Vol. 4 (September 1942)
  • David Daiches: "The Novels of Elizabeth Bowen" in The English Journal Vol. 38, No. 6 (1949)
  • Elizabeth Hardwick: "Elizabeth Bowen’s Fiction" in Partisan Review Vol. 16 (1949)
  • Bruce Harkness: "The Fiction of Elizabeth Bowen" in The English Journal Vol. 44, No. 9 (1955)
  • Gary T. Davenport: "Elizabeth Bowen and the Big House" in Southern Humanities Review Vol. 8 (1974)
  • Martha McGowan: "The Enclosed Garden in Elizabeth Bowen’s A World of Love" in Éire-Ireland Vol. 16, Issue 1 (Spring 1981)
  • Seán Ó Faoláin
    Seán Ó Faoláin
    Seán Proinsias Ó Faoláin was an Irish short story writer. He was elected Saoi of Aosdána in 1986.Born as John Francis Whelan in Cork City, County Cork, Ireland, Sean Ó Faoláin wrote his first stories in the 1920s. Through 90 stories, written over a period of 60 years, Ó Faoláin charts the...

    : "A Reading and Remembrance of Elizabeth Bowen" in London Review of Books (4-17 March 1982)
  • Antoinette Quinn: "Elizabeth Bowen’s Irish Stories: 1939-45" in Studies in Anglo-Irsh Literature (1982)
  • Harriet S. Chessman: "Women and Language in the Fiction of Elizabeth Bowen" in Twentieth Century Literature Vol. 29, No. 1 (1983)
  • Brad Hooper: "Elizabeth Bowen’s 'The Happy Autumn Fields': A Dream or Not?" in Studies in Short Fiction Vol. 21 (1984)
  • Margaret Scanlan: "Rumors of War: Elizabeth Bowen’s The Last September and J. G. Farrell’s Troubles in Éire-Ireland Vol. 20, Issue 2 (Summer 1985)
  • Phyllis Lassner: "The Past is a Burning Pattern: Elizabeth Bowen’s The Last September" in Éire-Ireland Vol. 21, Issue 1 (Spring 1986)
  • John Coates: "Elizabeth Bowen’s The Last September: The Loss of the Past and the Modern Consciousness" in Durham University Journal, Vol. LXXXII, No. 2 (1990)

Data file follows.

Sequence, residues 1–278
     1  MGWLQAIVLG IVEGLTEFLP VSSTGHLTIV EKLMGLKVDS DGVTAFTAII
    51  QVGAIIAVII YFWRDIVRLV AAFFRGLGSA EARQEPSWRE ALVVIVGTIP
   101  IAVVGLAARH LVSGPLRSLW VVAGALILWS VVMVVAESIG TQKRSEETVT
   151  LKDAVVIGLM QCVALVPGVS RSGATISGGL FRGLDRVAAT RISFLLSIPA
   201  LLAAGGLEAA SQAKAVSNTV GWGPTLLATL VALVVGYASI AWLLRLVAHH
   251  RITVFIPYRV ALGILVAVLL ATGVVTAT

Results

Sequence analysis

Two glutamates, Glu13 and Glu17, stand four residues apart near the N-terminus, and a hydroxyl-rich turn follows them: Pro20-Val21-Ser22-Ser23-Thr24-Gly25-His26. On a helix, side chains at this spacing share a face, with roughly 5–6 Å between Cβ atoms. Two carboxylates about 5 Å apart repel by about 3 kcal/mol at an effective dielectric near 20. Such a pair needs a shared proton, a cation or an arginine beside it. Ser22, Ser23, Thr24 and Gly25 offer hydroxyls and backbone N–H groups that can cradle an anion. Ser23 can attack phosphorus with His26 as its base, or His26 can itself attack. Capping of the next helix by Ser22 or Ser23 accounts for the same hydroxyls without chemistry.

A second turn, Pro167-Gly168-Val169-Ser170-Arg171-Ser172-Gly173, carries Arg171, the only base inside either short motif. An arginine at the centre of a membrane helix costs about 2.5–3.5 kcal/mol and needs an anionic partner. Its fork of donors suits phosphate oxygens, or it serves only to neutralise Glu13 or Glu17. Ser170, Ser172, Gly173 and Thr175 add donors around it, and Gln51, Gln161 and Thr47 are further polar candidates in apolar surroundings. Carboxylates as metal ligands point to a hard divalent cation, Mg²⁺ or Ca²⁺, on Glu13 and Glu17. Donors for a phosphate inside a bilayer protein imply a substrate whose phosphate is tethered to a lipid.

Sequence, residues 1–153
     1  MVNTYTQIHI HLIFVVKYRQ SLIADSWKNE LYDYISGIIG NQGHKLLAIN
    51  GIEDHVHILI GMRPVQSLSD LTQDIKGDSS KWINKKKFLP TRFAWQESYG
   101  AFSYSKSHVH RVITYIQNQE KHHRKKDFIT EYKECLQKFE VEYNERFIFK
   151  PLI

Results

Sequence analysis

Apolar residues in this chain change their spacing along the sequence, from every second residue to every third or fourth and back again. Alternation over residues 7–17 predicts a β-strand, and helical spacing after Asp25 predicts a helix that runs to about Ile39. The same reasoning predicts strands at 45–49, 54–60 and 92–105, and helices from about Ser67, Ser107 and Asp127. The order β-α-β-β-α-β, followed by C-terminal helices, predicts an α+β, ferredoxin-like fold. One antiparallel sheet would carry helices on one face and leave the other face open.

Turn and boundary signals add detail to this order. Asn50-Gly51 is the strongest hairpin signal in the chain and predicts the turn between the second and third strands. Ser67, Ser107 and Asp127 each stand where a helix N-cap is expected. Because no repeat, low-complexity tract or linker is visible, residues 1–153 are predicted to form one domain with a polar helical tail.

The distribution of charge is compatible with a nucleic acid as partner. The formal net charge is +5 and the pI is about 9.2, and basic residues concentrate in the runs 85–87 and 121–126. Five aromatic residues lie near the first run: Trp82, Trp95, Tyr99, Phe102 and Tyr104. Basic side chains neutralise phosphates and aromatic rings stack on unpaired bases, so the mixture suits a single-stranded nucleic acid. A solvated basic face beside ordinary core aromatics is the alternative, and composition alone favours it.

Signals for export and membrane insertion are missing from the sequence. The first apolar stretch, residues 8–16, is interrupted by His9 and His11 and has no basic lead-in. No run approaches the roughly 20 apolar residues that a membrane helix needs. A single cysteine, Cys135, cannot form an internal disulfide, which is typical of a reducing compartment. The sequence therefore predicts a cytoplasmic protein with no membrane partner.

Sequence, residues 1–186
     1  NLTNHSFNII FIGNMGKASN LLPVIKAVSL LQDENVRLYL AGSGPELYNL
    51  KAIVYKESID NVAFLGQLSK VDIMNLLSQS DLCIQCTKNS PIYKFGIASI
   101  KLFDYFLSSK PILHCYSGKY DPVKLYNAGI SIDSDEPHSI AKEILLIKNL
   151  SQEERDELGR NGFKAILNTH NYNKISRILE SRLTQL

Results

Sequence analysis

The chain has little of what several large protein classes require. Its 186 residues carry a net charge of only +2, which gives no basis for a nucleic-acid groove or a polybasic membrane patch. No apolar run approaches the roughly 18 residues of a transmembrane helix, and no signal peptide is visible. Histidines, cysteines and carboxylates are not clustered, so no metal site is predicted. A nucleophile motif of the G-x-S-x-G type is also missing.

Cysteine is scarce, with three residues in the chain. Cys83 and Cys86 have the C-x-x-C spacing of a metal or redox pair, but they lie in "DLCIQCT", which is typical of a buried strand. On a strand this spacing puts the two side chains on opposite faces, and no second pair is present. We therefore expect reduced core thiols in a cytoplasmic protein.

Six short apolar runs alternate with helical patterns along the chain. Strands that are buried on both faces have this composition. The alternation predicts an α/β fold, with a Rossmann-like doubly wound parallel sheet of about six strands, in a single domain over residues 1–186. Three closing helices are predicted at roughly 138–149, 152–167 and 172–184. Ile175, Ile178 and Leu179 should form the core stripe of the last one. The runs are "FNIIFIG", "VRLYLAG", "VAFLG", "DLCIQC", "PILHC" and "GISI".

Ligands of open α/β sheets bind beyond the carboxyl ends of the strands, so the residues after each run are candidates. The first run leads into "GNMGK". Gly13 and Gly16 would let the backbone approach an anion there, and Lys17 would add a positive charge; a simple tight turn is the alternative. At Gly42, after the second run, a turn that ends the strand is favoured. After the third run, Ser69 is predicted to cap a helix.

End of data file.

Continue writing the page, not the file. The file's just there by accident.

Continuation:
• Roy F. Foster
    R. F. Foster (historian)
    Robert Fitzroy Foster FBA FRHistS FRSL - generally known as Roy Foster - is the Carroll Professor of Irish History at Hertford College, Oxford in the UK.-Background and education:...

    : "The Irishness of Elizabeth Bowen" in Paddy & Mr Punch: Connections in Irish and English History (1993)
  • John Halperin: "The Good Tiger: Elizabeth Bowen" in Eminent Georgians: The Lives of King George V, Elizabeth Bowen, St. John Philby, and Nancy Astor (1995)
  • Declan Kiberd
    Declan Kiberd
    Declan Kiberd is an Irish writer and scholar. He is known for his literary criticism of Irish literature in Irish and English, and his contributions to public cultural life....

    : "Elizabeth Bowen: The Dandy in Revolt" in Éibhear Walshe: Sex, Nation and Dissent in Irish Writing (1997)
  • Carmen Concilio: “Things that Do Speak in Elizabeth Bowen’s The Last September” in Moments of Moment: Aspects of the Literary Epiphany edited by Wim Tigges (1999)
  • Neil Corcoran: “Discovery of a Lack: History and Ellipsis in Elizabeth Bowen’s The Last September” in Irish University Review Vol. 31, No. 2 (2001)
  • Elizabeth Cullingford: "'Something Else': Gendering Onliness in Elizabeth Bowen's Early Fiction" in MFS Modern Fiction Studies Vol. 53, No. 2 (2007)
  • Elizabeth C. Inglesby: "'Expressive Objects': Elizabeth Bowen's Narrative Materializes" in MFS Modern Fiction Studies Vol. 53, No. 2 (2007)
  • Brook Miller: “The Impersonal Personal: Value, Voice, and Agency in Elizabeth Bowen's Literary and Social Criticism” in Modern Fiction Studies, Vol. 53, No. 2 (Summer 2007)
  • Sinéad Mooney: “Unstable Compounds: Bowen's Beckettian Affinities” in Modern Fiction Studies, Vol. 53, No. 2 (Summer 2007)
  • Victoria Stewart: "'That Eternal Now': Memory and Subjectivity in Elizabeth Bowen's Seven Winters" in MFS Modern Fiction Studies Vol. 53, No. 2 (2007)
  • Keri Walsh: "Elizabeth Bowen, Surrealist" in Éire-Ireland Vol. 42, No. 3-4 (2007)
  • Heather Bryant Jordan: "A Bequest of Her Own: The Reinvention of Elizabeth Bowen" in New Hibernia Review Vol. 12, No. 2 (2008)
  • Céline Magot: "Elizabeth Bowen’s London in The Heat of the Day: An Impression of the City in the Territory of War" in Literary London (2008)
  • Éibhear Walshe: "No abiding city." The Dublin Review No. 36 (2009)
  • Jessica Gildersleeve: "An Unnameable Thing: Spectral Shadows in Elizabeth Bowen’s The Hotel and The Last September" in Perforations
  • John D. Coates: "The Misfortunes of Eva Trout" in Essays in Criticism 48.1 (1998)
  • Patricia J. Smith: "'Everything to Dread from the Dispossessed': Changing Scenes and the End of the Modernist Heroine in Elizabeth Bowen's Eva Trout" in Hecate 35.1/2 (2009)
  • James F. Wurtz: "Elizabeth Bowen, Modernism, and the Spectre of Anglo-Ireland" in Estudios Irlandeses No. 5 (2010)
  • Patrick W. Moran: "Elizabeth Bowen's Toys and the Imperatives of Play" in Éire-Ireland Vol. 46, Issue 1&2 (Spring/Summer 2011)